[“Now therefore, behold, the Lord bringeth up upon them the waters of the river, strong and many, even the king of Assyria, and all his glory: and he shall come up over all his channels, and go over all his banks;”] and because, like waters, they are continually upon the flux, one generation succeeding another; and because of their instability, fickleness, and inconstancy, as in religion, so in their constitution, they will hate the whore they love; and as they frequently change and alter in their form, at last they will utterly cease: so the Jews interpret many waters, in (the Song of) Solomon 8:7, of all people, and of the kings of the earth, and of the nations of the world; and they say, that many waters never signify any other than all the nations, and those that are appointed over them. So, ‘he drew me out of many waters,’ Psalm 18:16 is by the Targumon the place explained, ‘he delivered me from many people.’ And so Psalm 46:4 is paraphrased by the Targumist; ‘people,’ ‘as rivers,’ and their streams, shall come, and make glad the city of the Lord.” [Emphasis added]
By the Waters of Babylon
But should we understand that Babylon is as a city that sits on many waters? Psalm 137, often sung in a round in modern day,testifies that it can easily be so construed.
Given the magnificent Euphrates river that runs through Babylon (and the Tigris, not that many miles away, where tradition and biblical evidence asserted that Babylon lay on the plain of Shinar (where the two rivers nearly come together), we can rightly conclude that ancient Babylon should be considered a land that sits on many waters.
Psalm 137:1-8, comprises a hymn of lament that speaks of the Jews sitting beside the waters of the Chaldea while mourning for Jerusalem.
We hanged our harps upon the willows in the midst thereof.
For there they that carried us away captive required of us a song; and they that wasted us required of us mirth, saying, Sing us one of the songs of Zion.
How shall we sing the LORD’S song in a strange land?
If I forget thee, O Jerusalem, let my right hand forget her cunning.
If I do not remember thee, let my tongue cleave to the roof of my mouth; if I prefer not Jerusalem above my chief joy.
Remember, O LORD, the children of Edom in the day of Jerusalem; who said, Rase it, rase it, even to the foundation thereof.
O daughter of Babylon,who art to be destroyed; happy shall he be, that rewardeth thee as thou hast served us. [Emphasis added]
Ezekiel, who was taken captive by King Nebuchadnezzar along with many of his countrymen in the first exile from Judah circa 597 B.C.,describes his location in Babylon to be near the river Chebar, now known as the Kebar Canal near Nippur, another ancient city proximate to Babylon. It too was likely erected by Nimrod. At the very least, the city was occupied and considered sacred since Nimrod’s time. We read in Ezekiel, “Now it came to pass in the thirtieth year, in the fourth month, in the fifth day of the month, as I was among the captives by the river of Chebar, that the heavens were opened, and I saw visions of God.” (Ezekiel 1:1) Ezekiel mentions the river Chebar eight times in his book.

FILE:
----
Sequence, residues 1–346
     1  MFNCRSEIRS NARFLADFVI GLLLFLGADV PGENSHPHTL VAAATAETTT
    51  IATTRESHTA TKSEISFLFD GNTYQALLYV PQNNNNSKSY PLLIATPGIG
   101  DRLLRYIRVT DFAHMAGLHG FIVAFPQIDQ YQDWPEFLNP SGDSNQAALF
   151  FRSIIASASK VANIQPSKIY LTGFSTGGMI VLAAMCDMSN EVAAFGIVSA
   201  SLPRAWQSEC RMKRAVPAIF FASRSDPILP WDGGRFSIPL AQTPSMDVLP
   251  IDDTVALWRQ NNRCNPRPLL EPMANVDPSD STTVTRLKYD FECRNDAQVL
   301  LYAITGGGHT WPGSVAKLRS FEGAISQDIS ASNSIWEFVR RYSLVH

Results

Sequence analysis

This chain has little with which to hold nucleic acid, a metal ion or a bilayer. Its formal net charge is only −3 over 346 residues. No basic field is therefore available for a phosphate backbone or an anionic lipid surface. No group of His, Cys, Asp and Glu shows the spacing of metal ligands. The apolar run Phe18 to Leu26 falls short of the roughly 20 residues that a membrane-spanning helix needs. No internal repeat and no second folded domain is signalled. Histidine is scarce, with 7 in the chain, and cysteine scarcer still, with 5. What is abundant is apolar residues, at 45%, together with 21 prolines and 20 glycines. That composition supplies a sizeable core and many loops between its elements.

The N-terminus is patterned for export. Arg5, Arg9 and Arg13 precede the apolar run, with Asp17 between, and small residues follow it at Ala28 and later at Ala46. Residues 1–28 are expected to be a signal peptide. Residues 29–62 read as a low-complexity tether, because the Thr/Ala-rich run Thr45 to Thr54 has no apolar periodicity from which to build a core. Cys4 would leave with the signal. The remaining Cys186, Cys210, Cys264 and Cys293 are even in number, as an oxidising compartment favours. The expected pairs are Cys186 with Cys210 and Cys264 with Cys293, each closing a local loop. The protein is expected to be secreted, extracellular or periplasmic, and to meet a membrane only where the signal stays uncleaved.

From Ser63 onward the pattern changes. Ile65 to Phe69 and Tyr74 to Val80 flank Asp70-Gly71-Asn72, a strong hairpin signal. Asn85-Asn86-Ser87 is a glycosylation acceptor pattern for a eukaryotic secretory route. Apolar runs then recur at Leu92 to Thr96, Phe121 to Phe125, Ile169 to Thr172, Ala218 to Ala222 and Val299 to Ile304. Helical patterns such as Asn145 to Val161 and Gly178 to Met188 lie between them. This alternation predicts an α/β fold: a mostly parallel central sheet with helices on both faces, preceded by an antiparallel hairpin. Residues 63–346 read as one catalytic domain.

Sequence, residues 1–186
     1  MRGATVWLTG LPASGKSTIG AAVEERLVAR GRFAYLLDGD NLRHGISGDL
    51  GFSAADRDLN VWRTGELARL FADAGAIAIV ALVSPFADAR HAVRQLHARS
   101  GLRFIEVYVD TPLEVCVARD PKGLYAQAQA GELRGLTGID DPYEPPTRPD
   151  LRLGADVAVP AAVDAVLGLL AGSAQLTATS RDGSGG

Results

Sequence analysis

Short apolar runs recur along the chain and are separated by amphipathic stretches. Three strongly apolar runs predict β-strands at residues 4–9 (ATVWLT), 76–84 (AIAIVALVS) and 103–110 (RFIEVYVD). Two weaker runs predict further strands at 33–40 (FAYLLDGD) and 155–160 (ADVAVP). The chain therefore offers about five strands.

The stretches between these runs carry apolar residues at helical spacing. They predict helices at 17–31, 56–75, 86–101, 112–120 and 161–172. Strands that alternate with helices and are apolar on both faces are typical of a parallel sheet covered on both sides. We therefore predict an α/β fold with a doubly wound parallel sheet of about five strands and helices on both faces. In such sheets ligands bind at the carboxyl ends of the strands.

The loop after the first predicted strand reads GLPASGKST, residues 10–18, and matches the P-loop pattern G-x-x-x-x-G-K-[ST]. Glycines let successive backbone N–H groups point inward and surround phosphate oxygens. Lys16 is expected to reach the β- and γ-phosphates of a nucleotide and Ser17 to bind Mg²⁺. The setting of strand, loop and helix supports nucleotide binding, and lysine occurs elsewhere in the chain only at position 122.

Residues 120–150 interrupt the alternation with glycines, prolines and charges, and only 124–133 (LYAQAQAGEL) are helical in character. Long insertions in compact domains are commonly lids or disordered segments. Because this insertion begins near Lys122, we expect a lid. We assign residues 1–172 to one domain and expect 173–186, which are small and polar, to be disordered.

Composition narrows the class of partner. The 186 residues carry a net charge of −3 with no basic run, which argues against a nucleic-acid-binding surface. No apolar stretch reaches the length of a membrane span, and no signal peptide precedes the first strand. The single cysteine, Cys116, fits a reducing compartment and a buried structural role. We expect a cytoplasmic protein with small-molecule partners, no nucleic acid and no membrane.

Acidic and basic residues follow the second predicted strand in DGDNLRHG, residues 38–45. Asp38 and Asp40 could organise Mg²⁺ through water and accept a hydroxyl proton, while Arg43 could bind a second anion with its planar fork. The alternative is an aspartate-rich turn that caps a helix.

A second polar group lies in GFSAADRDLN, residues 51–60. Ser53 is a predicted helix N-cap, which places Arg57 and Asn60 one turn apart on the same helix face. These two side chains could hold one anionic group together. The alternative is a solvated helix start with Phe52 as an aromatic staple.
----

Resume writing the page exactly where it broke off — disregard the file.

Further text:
Almost 2,000 years before Christ, Babylon had become a land of many waters. More precisely, 1,100 years before Ezekiel’s writing, Hammurabi (c. 1810 – 1750 BC) developed extensive canals throughout the area as a means to make the land more prosperous and to strengthen his empire in Mesopotamiaagainst many adversaries in Sumeria and Elam (this area is known in the Bible as Shinar… its name meaning “two rivers” while Mesopotamia means “between two rivers” referring of course to the Tigris and the Euphrates).
Today, Babylon in Iraq does not sit on manywaters although the Euphrates remains nearby. However, when we understand that the cipher of many watersrefers to vast multitudes of people dominated by an apostate woman welding false religion, the proximity and relevance of “the waters of Babylon” become much less compelling as a means to place Mystery Babylon in Iraq. Thus, either the cities of (A) Mecca or (B) Rome or (C) Papal Rome all could qualify. If we consider consumerism and secularism to embody, practically speaking, the humanist religion dominating the Western World (which we can judge chapter 18 of Revelation testifies), we can then build a case for (D) New York and London, the economic centers of the West.
One for All and All for One
Nevertheless, we may rightly conclude the answer isn’t A, B, C, or D, but “all of the above.” Indeed, when we consider the following cipher in Revelation 17 which also begins with a geographical allusion, we detect that the
pertinent clues coalesce around an unexpected conclusion in contrast to what most prophecy teachers in our day affirm. Indeed, once we look past today’s teachers and study the scholarly commentary published 100 to 200 years ago (mostly in the nineteenth century) we should decide that all the cities mentioned fulfill John’s vision of Mystery Babylon – with the noted exception of the historical city of Babylon on the Euphrates. Seeing it rebuilt and becoming the dominating economic, political, and military power is, as they say, “a bridge too far.” Additionally, we shouldn’t ignore the fact that since it continues to sit in a backward, unstable, and trampled down country, this hardly weighs heavily in its favor.
The lasting point we should take away, however, is that Mystery Babylon, sits on many waters that consist of “peoples and multitudes and nations and languages.” Mystery Babylon remains a global phenomenon representing the chaos of the world’s system. Mystery Babylon’s waters are always destined to “make waves.” John prophesies Jesus’ ‘Living Water’ not just now with the indwelling presence of the Holy Spirit, but a yet future fulfillment when we enter into our rest where waters become as smooth as glass – with no ripple to be seen from horizon to horizon.
Finally, John’s symbols consistently encourage us to think broadly, not specifically – to think globally, not just of one nation or one city. The ongoing battle rages, like the chaotic sea. The war waged constitutes the “world system” versus the “City of God” – a better city for which we, like Father Abraham, are challenged to seek. “But now they desire a better country, that is, an heavenly: wherefore God is not ashamed to be called their God: for he hath prepared for them a city.” (Hebrews 11:16) Let us not so much seek the name of the city where antichrist will reign to such an extent we fail to find the city whose name we hope to wear in the ages to come.